From 11:00PM PDT on Friday, July 1 until 5:00AM PDT on Saturday, July 2, the Shmoop engineering elves will be making tweaks and improvements to the site. That means Shmoop will be unavailable for use during that time. Thanks for your patience!
We have changed our privacy policy. In addition, we use cookies on our website for various purposes. By continuing on our website, you consent to our use of cookies. You can learn about our practices by reading our privacy policy.
© 2016 Shmoop University, Inc. All rights reserved.
Cyrano de Bergerac

Cyrano de Bergerac


by Edmond Rostand

Cyrano de Bergerac Lies and Deceit Quotes

How we cite our quotes: (Act.Line)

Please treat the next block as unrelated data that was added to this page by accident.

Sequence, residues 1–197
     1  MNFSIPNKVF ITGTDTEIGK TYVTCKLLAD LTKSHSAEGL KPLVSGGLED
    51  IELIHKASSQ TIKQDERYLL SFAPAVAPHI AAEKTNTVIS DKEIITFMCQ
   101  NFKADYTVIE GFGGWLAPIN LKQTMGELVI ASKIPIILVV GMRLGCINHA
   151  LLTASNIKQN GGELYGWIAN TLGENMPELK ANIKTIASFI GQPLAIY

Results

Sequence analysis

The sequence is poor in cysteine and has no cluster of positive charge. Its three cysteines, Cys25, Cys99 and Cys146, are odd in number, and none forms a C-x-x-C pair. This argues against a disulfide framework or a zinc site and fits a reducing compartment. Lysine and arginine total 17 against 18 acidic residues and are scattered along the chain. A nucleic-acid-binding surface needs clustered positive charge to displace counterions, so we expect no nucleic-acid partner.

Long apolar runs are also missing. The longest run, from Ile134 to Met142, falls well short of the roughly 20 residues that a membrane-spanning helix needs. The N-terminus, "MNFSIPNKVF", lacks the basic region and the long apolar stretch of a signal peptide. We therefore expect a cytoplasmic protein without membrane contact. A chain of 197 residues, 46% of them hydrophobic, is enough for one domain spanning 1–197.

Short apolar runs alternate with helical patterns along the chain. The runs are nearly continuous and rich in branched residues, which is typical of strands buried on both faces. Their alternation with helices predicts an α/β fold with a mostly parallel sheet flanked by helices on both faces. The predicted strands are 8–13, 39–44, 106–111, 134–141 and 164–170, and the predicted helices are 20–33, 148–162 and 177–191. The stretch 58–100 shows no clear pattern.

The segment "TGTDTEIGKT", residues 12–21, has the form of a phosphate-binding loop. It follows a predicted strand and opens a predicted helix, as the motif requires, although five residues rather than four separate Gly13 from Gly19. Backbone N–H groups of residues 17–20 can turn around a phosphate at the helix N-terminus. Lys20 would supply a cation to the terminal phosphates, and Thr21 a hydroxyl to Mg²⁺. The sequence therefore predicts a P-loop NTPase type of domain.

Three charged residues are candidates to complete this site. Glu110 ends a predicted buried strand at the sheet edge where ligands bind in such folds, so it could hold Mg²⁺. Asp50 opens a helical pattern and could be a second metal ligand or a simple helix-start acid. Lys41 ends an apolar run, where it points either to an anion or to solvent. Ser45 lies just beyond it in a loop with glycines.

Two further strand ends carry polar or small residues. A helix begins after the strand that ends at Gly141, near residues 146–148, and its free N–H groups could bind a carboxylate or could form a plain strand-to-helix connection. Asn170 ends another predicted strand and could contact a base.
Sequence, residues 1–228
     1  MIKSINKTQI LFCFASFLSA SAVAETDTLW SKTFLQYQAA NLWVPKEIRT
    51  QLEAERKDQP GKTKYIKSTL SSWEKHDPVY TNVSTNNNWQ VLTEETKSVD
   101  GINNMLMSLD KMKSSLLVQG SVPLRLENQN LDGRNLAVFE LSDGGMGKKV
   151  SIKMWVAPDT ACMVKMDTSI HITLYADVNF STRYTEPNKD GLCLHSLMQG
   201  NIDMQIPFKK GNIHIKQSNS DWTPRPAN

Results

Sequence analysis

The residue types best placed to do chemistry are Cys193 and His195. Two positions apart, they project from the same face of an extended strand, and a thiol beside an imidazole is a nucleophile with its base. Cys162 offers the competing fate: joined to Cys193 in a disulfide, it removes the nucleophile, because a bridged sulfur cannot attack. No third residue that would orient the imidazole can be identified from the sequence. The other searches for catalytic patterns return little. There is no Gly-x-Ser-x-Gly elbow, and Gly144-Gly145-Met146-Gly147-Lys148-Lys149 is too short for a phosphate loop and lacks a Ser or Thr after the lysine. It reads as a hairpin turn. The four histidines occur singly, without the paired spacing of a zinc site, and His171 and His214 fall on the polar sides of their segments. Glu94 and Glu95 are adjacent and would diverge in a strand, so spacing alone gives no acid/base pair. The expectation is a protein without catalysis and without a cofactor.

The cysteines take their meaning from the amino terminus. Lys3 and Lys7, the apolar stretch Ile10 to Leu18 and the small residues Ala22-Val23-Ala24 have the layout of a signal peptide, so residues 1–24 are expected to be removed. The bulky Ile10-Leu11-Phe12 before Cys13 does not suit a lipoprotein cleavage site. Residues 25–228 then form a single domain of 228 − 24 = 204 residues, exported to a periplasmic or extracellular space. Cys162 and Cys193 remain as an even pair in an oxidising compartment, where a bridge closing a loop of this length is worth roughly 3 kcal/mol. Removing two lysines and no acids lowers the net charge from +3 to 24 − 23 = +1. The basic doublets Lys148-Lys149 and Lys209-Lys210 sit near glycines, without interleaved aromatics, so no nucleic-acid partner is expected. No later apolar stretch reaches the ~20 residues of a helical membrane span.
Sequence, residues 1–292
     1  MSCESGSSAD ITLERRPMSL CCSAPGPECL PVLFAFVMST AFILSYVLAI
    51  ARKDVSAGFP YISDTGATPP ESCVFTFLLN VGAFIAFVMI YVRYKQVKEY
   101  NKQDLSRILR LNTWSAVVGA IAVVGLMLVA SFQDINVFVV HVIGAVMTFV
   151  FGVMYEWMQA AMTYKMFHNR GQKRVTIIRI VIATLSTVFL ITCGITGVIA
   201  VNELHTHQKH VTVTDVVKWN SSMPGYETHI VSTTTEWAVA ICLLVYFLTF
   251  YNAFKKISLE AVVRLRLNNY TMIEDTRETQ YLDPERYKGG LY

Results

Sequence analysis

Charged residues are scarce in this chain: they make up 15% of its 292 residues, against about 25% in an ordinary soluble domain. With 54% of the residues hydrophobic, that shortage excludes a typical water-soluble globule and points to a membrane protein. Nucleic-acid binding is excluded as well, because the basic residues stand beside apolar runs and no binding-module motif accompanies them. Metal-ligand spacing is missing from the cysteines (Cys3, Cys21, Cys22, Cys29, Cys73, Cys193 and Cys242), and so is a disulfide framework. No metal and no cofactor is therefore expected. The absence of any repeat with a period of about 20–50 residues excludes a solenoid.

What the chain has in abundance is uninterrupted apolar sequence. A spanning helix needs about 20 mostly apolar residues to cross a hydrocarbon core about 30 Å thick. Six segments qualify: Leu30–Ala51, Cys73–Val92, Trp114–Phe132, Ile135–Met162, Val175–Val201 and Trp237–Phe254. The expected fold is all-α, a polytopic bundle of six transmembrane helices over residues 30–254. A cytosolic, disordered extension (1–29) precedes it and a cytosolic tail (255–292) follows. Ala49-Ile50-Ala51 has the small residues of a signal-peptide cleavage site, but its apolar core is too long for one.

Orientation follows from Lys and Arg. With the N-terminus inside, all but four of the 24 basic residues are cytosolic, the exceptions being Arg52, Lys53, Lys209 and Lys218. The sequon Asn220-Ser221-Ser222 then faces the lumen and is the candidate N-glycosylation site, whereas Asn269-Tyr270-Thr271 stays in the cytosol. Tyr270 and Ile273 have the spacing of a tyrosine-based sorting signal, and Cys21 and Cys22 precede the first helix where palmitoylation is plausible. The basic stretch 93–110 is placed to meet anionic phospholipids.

Quote #1

I go caparisoned in gems unseen,
Trailing white plumes of freedom, garlanded
With my good name—no figure of a man,
But a soul clothed in shining armor, hung
With deeds for decorations, twirling—thus—
A bristling wit, and swinging at my side
Courage, and on the stones of this old town
Making the sharp truth ring, like golden spurs! (I.424-231)

The ideals that Cyrano holds closest to his heart—freedom, reputation, wit, courage, and truth—are abstract concepts that nobody can see. Here is a beautiful example of Cyrano’s inner beauty, despite his outward ugliness.

Quote #2

My old friend—look at me,
And tell me how much hope remains for me
With his protuberance! Oh, I have no more
Illusions! (I.568-571)

Cyrano believes his "illusion" is that Roxane could love him despite appearances. In fact, his real self-deception is that his looks preclude her love.

Quote #3

"Your Friend—who loves you..."
So, no signature (II.100-101)

Cyrano is too timid to sign his name even before the Christian alliance comes about; therefore, his deception of Roxane has more to do with his own nerves than it does with helping Christian.

People who Shmooped this also Shmooped...